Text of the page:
I didn’t like ramen growing up.
I remember many of my middle school and high school friends happily enjoyed Cup Noodles for lunch just about every day. I didn’t understand why.
I later realized it wasn’t the ramen I didn’t like: it was the heavy seasonings around it. In college, I developed a liking for Top Ramen 3 oz packages because I could eat the noodles and not use the “beef” or “chicken” flavor packets included separately in the package.
With the rising cost of groceries, I’ve come to love Top Ramen even more: a 12 pack of Top Ramen 3 oz packages is still under $3.00. (Where I shop, it’s $2.67, to be exact.)
Which means that Top Ramen is perfect for poor kids.
Poor Kid Peanut Sauce Ramen
I dress Top Ramen up with pan-fried tofu, broccoli, and my decadent vegan peanut sauce. Peanut butter, garlic, Bragg Liquid Aminos, rice vinegar, brown sugar, lime juice, and Sriracha are all you need to make this easy sauce.
This sauce is so good, and the whole meal is so delicious, you’d never guess it feeds a family of four for under $2 a serving. Couple this peanut sauce ramen with a few of my other poor kid recipes, and you’ll be surprised at how low your weekly grocery bill can be.
Make Poor Kid Peanut Sauce Ramen
If you’re looking for an affordable meal that doesn’t sacrifice flavor, this Poor Kid Peanut Sauce Ramen is it.
Make it for dinner this week!
For Spicy Poor Kids
Sriracha is an optional ingredient in the sauce, but I strongly recommend using it. The amount is small, so it doesn’t make the sauce spicy, but it does add a nice subtle flavor. If you’re a poor kid who likes spicy foods, feel free to add more Sriracha than the recipe card lists.
For Fancy Poor Kids
Top each serving with fresh cilantro and chopped nuts. Toasted cashews or peanuts are delicious and affordable options. These toppings really take this Poor Kid Peanut Sauce Ramen to the next level.
Peanut Sauce Ramen Secret Ingredient: Bragg Liquid Aminos
If there’s a secret ingredient to this peanut sauce, it would be the Bragg Liquid Aminos. Like soy sauce, Bragg Liquid Aminos is made from soybeans and purified water. But where soy sauce contains wheat, aminos does not, making it gluten-free. Bragg Liquid Aminos is also lower in sodium than soy sauce, and has a more nuanced flavor profile: the smokiness of Bragg Liquid Aminos makes this peanut sauce particularly delicious.
You can find Bragg Liquid Aminos here [aff. link] or in my Amazon store here.
Poor Kid Peanut Sauce Ramen
For the tofu:
- 14 oz pan-fried or baked tofu, find my pan-fried tofu recipe here or my baked tofu recipe here
For the broccoli:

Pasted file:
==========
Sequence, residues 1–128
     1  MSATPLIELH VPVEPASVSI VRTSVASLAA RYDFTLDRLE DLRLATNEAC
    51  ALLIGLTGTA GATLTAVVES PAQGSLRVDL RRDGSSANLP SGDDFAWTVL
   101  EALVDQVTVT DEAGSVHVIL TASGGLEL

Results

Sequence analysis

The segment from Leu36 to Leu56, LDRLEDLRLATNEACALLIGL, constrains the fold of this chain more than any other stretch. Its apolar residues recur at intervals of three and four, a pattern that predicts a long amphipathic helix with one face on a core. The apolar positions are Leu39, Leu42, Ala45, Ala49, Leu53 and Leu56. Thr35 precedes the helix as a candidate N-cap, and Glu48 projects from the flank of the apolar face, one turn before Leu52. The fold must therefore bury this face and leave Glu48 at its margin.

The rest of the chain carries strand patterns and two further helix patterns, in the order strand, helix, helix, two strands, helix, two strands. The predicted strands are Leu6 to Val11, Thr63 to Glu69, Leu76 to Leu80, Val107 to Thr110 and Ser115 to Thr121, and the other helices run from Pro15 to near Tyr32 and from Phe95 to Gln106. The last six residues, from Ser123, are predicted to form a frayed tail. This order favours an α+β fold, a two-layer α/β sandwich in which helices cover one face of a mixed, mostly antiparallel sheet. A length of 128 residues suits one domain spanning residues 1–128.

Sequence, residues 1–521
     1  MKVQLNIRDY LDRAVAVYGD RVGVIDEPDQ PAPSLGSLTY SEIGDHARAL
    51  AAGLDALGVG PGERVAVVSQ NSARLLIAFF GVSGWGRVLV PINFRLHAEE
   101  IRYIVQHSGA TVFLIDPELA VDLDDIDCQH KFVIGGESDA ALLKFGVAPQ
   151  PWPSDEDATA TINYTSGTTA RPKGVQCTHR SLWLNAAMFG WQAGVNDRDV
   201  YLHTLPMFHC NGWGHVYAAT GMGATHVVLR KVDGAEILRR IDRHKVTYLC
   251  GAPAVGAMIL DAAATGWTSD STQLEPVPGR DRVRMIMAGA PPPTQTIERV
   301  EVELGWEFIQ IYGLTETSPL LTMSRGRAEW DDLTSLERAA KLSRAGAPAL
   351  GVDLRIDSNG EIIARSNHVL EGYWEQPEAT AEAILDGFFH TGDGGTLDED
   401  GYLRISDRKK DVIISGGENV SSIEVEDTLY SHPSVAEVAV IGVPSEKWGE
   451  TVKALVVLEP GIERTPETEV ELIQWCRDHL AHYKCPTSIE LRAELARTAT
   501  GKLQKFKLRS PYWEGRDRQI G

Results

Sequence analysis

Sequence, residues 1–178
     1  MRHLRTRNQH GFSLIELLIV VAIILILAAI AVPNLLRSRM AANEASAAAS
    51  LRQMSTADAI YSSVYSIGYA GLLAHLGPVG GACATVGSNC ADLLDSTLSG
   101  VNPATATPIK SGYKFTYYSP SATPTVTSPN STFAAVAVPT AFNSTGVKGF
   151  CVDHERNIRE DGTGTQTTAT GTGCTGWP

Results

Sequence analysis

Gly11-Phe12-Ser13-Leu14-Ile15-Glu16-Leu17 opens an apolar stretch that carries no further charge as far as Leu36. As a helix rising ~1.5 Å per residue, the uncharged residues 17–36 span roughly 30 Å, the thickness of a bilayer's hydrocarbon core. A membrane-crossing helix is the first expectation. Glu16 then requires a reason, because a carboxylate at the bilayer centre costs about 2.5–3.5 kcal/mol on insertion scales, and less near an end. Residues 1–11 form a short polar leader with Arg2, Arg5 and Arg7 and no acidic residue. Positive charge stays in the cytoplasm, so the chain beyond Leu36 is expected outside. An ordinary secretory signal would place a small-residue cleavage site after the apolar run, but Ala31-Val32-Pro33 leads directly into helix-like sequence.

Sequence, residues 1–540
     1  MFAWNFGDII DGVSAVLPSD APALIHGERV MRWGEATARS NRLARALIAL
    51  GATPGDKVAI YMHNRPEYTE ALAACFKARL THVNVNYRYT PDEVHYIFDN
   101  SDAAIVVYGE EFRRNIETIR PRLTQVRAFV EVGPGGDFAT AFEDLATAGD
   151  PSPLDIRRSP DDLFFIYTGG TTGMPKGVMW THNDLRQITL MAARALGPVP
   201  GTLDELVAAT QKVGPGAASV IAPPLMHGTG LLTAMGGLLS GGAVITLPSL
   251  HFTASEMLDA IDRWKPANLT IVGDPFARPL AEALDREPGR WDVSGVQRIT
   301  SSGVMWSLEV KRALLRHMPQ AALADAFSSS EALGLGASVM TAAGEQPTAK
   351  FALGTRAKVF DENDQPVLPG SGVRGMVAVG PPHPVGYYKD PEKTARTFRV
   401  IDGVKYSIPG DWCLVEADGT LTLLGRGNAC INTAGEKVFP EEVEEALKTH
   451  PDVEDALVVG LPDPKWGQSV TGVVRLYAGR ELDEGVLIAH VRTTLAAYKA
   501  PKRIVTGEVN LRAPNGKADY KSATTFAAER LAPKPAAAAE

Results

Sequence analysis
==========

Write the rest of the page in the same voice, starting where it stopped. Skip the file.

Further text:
- 12 oz broccoli, cut to small florets (1 inch to 1 ½ inch)
- ¼ tsp sea salt
- 1 Tbsp olive oil
For the peanut sauce:
- ½ cup peanut butter, regular smooth peanut butter
- 1-2 cloves garlic, minced
- 2 Tbsp Bragg Liquid Aminos
- 2 Tbsp brown sugar
- 2 Tbsp rice vinegar
- 3-4 tsp lime juice
- ½ - ¾ tsp Sriracha, optional
- ¼ - ½ cup water, use more or less water depending on how thick you want the sauce to be
For the ramen:
- 1-4 3 oz packages Top Ramen
- 1-2 tsp olive oil
- 1 cup Top Ramen water, reserved from when you drain the ramen
- fresh cilantro, minced
- toasted peanuts or cashews, roughly chopped
Make the tofu
- If serving the ramen with tofu, follow the instructions for my pan-fried tofu recipe or baked tofu recipe. If you're in a hurry, make the pan-fried tofu. It's quicker.
Make the broccoli
- To save time, cook the broccoli in a separate skillet at the same time as you make the tofu. You can also make the tofu first, then cook the broccoli in the same skillet you made the tofu in.
- If the broccoli florets are large, cut them smaller. 1 inch to 1 ½ inch florets are best.
- Add the olive oil, broccoli, and salt to a skillet. Cook the broccoli over medium-high heat, flipping occasionally, until it turns bright green, about 3-5 minutes. Take the broccoli off the heat immediately. It should be just cooked and not mushy. Some pieces may get a little charred. The broccoli is done, set aside.
Make the peanut sauce
- Add all the sauce ingredients to a small mixing bowl or cereal bowl. TO START, ONLY USE ¼ CUP OF THE WATER and 3 TSP OF THE LIME JUICE. You can add more of each later, if needed.
- Whisk everything together. If the sauce is too thick, add an additional 2 Tbsp water. If it’s still too thick, add another 2 Tbsp water.
- Once the peanut sauce is at your desired thickness, taste. Add more lime juice, if desired.
- The sauce is done, set it aside.
Cook the Top Ramen
- If making 1-2 packages of ramen, fill a saucepan about ⅔ full of water. If making 3-4 packages of ramen, fill a soup pot about ⅔ full of water.
- Bring the water to a boil, then add the ramen. Turn the heat down to medium-low and simmer the ramen for 3-5 minutes, until it’s cooked through but not mushy. While the ramen simmers, gently pull apart/separate the individual noodles with your fork.
- RESERVE 1 CUP of water from the noodles as you drain them. Put the drained noodles back in the pot you cooked them in and drizzle 1-2 tsp of olive oil and 1-2 Tbsp of the ramen water over the noodles. With a fork, gently toss the noodles into the oil and water. This will help keep the ramen noodles from sticking together.
Serve and enjoy
- Put a serving of noodles on a plate, top with tofu, broccoli, and a generous amount of peanut sauce. Garnish with fresh cilantro and peanuts or cashews, if desired. Enjoy!
I haven’t had packaged ramen in a long time, but I would eat anything with peanut sauce on it!
Haha thanks Jeff! It’s amazing what a good sauce can do!
I totally know you mean about ramen – I’ve never really been a fan myself. Laura eats it on occasion for lunch, but I always opt for something else. But the noodles themselves are a great shortcut for better recipes…like this version with peanut sauce. Sounds delicious, Shannon!!
Absolutely delicious, easy, and affordable, yum!